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JETHRO TULL Stand Up (Collector's Edition) EMI (2010)

Jethro Tull

When I interviewed Ian Anderson for Get Ready to ROCK! Radio earlier this year he played down the issue of 'anniversary' editions but he could see the merits for the fan 'who wants to have everything we've ever done'.

The first thing to say about this reissue: it's a lovely package. Right down to the authentic 'pop-up' paper engineering - wonderful.

But wait, you also get the original album, bonus tracks, and the Carnegie Hall gig recorded in 1970 spread across two CDs. Add a liner note from Ian Anderson and 45-minute recent interview putting the album in context on a bonus DVD and you have the definitive version.

The band's second album moved them more into prog/folk/fusion territory after their blues-fired debut in 1968. It is perhaps no coincidence that with new guitarist Martin Barre on board this new direction was made easier. 'Stand Up' produced some great and durable tunes that have stayed in the band's setlist ever since.

'Jeffrey Goes To Leicester Square' characterises this more eclectic approach along with 'Nothing Is Easy' and 'Fat Man'. 'We Used To Know' inspired The Eagles' Hotel California chord structure whilst 'For A Thousand Mothers' presages what became the riff-driven approach of subsequent album 'Benefit' and then 'Aqualung'.

There was no obvious single on the album, but fortunately we have amongst the bonus tracks a string of the band's more commercial offerings released in 1969-70 which shot them on to 'Top Of The Pops' and wider acclaim. (These singles were also included on the original 2001 remaster from which the original album here is sourced).

The BBC tracks, originally broadcast in June 1969, underline the fact that there needs to be a definitive Tull at the BBC collection because their radio sessions are spread across many different reissues and boxed sets.

Needless to say, three of the four tracks have appeared previously on the 1988 Anniversary box set ('Bouree', 'A New Day Yesterday' and 'Fat Man' ). Anderson recounts that John Peel (from whose sessions these come) expressed a dislike for 'Stand Up' and this precipitated a rift with the veteran broadcaster that was sadly never healed.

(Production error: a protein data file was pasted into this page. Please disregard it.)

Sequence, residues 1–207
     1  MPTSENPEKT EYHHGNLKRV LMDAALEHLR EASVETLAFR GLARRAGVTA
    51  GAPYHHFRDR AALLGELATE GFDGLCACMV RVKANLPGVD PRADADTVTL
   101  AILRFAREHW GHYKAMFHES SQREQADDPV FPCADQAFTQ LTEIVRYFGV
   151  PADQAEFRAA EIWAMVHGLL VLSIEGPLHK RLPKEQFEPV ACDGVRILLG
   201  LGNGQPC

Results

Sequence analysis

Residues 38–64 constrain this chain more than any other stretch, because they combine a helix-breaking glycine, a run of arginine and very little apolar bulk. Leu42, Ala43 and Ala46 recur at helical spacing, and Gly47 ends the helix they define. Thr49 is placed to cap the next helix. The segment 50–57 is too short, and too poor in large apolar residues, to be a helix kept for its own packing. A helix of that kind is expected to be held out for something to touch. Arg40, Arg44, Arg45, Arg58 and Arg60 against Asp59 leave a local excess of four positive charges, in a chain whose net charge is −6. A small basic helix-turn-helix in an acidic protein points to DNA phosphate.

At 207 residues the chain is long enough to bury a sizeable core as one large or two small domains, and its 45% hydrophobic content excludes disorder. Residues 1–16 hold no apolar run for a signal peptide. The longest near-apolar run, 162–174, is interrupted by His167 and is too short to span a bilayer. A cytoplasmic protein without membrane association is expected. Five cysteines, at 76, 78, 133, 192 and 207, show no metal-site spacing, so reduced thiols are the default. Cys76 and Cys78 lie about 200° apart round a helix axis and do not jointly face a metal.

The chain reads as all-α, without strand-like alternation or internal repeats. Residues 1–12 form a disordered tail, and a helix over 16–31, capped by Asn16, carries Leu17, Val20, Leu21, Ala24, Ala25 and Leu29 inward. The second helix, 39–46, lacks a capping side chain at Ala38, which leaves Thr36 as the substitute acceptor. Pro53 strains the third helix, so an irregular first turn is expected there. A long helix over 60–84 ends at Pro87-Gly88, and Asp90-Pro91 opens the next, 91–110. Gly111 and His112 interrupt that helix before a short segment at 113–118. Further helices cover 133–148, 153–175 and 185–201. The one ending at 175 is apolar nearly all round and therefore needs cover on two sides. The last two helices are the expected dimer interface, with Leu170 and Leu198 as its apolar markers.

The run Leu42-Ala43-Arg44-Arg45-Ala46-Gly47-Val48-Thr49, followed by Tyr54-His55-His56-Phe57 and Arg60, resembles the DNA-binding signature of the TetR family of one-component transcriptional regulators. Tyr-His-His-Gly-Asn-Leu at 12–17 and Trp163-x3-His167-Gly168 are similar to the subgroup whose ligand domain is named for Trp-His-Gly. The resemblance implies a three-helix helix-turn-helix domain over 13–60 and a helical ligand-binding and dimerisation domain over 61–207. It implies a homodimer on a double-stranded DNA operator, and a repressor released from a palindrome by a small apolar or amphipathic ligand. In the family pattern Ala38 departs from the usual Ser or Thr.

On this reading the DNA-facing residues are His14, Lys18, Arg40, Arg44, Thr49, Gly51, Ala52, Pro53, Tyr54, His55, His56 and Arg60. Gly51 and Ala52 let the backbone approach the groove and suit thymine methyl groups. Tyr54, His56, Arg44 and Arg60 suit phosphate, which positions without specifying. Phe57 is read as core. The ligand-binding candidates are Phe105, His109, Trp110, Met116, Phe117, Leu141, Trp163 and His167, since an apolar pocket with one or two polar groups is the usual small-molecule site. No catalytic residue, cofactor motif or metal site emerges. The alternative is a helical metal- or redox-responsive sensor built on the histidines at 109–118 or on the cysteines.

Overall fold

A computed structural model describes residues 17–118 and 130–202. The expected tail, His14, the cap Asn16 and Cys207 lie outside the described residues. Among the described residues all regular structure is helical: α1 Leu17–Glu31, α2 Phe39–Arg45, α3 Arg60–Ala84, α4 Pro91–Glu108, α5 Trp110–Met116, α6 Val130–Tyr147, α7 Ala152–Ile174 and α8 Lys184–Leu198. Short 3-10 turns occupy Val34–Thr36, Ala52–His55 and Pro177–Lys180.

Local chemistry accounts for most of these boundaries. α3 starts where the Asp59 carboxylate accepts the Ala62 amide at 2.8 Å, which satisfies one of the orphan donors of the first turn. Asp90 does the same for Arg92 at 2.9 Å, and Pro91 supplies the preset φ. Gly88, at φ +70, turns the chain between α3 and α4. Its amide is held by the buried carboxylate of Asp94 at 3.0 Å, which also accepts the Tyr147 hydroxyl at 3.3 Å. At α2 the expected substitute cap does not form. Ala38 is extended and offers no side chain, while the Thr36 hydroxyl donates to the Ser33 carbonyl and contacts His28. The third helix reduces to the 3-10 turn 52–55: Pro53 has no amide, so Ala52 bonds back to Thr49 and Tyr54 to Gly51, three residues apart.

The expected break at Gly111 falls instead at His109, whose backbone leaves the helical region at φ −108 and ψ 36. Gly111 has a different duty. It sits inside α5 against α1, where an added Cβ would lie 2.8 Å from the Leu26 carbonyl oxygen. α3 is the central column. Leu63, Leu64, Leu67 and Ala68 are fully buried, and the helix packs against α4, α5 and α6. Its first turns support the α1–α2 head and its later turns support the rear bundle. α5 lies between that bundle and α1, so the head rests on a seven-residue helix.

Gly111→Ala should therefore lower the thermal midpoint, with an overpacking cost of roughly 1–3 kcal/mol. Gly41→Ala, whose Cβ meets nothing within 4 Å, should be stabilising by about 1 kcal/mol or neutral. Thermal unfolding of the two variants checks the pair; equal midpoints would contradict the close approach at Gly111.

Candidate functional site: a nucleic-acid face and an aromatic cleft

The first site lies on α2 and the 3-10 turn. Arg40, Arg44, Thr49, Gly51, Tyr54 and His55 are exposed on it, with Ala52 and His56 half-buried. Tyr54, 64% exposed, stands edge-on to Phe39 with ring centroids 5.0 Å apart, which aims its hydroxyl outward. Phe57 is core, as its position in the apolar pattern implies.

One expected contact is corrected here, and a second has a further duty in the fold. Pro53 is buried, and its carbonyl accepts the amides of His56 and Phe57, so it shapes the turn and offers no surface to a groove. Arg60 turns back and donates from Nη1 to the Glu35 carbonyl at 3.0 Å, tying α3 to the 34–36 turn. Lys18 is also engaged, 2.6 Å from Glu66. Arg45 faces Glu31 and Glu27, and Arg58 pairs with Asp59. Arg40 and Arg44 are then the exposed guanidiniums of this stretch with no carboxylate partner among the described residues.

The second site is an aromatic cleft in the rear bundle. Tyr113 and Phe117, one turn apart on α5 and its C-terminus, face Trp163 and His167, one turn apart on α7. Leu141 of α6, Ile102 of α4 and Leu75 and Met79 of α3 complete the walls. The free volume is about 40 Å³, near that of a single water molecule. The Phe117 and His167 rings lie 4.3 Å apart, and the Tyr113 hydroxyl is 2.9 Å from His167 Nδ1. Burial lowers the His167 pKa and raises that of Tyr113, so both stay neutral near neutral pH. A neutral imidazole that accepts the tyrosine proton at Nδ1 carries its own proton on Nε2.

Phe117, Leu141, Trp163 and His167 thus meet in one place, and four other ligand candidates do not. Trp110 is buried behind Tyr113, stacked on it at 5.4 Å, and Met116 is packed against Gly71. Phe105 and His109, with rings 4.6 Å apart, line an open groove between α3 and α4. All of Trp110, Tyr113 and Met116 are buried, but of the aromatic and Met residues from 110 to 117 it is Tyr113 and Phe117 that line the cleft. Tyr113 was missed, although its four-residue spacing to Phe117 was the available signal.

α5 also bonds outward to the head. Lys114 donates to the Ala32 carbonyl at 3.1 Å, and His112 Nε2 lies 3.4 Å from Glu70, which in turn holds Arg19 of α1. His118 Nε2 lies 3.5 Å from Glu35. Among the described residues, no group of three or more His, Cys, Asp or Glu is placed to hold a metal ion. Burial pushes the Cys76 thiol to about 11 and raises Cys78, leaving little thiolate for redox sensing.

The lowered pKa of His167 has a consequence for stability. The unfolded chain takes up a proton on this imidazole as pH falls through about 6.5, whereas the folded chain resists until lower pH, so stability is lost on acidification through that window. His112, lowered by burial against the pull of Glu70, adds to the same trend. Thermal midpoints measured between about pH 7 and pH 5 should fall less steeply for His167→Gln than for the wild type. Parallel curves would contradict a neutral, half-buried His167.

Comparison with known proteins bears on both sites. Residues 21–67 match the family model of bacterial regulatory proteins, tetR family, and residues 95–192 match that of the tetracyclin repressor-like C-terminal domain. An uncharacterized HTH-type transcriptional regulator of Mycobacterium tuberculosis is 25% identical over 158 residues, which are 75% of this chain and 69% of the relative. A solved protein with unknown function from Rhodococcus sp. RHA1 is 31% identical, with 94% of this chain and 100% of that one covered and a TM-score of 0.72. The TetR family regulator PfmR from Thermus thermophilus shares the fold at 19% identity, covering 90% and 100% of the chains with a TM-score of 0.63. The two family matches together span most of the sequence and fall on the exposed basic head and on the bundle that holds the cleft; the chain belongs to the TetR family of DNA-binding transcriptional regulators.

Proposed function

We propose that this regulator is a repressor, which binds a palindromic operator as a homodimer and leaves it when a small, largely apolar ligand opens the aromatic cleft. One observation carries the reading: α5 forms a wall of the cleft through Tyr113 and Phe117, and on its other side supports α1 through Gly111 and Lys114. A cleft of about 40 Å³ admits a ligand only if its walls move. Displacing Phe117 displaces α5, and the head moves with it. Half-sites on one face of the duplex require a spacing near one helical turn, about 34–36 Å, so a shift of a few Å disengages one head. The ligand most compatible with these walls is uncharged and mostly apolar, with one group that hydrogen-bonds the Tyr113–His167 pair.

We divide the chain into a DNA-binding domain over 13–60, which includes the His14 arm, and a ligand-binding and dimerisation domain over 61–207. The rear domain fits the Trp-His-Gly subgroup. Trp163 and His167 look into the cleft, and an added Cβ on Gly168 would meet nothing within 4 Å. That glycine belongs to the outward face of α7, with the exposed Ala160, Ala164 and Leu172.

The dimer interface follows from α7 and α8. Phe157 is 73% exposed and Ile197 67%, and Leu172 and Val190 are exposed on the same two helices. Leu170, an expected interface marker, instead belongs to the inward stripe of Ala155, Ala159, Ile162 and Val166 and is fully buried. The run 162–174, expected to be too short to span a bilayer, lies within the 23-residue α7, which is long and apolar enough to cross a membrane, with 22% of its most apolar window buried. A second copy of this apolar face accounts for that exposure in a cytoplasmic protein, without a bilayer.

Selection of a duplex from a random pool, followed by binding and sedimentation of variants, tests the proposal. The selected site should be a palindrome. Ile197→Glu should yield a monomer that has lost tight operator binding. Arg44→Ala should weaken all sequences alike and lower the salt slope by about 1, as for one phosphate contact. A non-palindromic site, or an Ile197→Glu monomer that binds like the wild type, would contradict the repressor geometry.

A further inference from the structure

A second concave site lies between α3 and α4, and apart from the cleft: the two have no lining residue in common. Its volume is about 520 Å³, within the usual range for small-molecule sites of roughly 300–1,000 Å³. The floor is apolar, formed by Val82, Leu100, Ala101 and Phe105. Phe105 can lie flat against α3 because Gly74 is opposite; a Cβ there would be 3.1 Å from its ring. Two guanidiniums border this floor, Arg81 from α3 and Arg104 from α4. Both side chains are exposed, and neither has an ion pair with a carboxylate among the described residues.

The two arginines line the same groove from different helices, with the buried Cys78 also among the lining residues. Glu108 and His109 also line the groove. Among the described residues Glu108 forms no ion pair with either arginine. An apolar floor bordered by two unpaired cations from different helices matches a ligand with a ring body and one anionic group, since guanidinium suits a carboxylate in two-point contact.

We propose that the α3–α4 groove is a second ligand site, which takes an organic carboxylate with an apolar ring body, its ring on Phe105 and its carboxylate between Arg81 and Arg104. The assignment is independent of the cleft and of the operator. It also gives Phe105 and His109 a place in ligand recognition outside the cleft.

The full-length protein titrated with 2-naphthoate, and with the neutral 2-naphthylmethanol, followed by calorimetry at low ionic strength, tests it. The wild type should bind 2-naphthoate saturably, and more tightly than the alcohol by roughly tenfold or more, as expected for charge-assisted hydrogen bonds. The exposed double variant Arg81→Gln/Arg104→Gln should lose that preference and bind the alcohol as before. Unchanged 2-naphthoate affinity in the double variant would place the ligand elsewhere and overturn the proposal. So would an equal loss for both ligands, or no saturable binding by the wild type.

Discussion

In terms of the band's Stateside sorties, the Carnegie Hall gig is perhaps overshadowed by the later Madison Square Garden set recorded in October 1978 (and available on CD/DVD in 2009). The setlist is a lot of 'Stand Up' and a bit of 'Benefit' but it does capture a band in ascendancy based around the exhilarating showmanship of Anderson.

Bizarrely the DVD also contains the Carnegie Hall gig, no visual but a DTS surround sound mix. Completists should know that 'By Kind Permission Of' and 'Dharma For One' appeared originally on the 1972 'Living In The Past' compilation (reissued on CD in 1994) and the balance of the gig was included on the 25th Anniversary box set in 1993.

A great collector's package, worth it, especially for that facsimile pop-up. What next? The full fold-out St Cleve Chronicle (& Linwell Advertiser) for 'Thick As A Brick'? We can but hope.


Review by David Randall

Album review (This Was)

Ian Anderson interview, January 2010

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***** Out of this world | **** Pretty damn fine |
*** OK, approach with caution unless you are a fan |
** Instant bargain bin fodder | * Ugly. Just ugly

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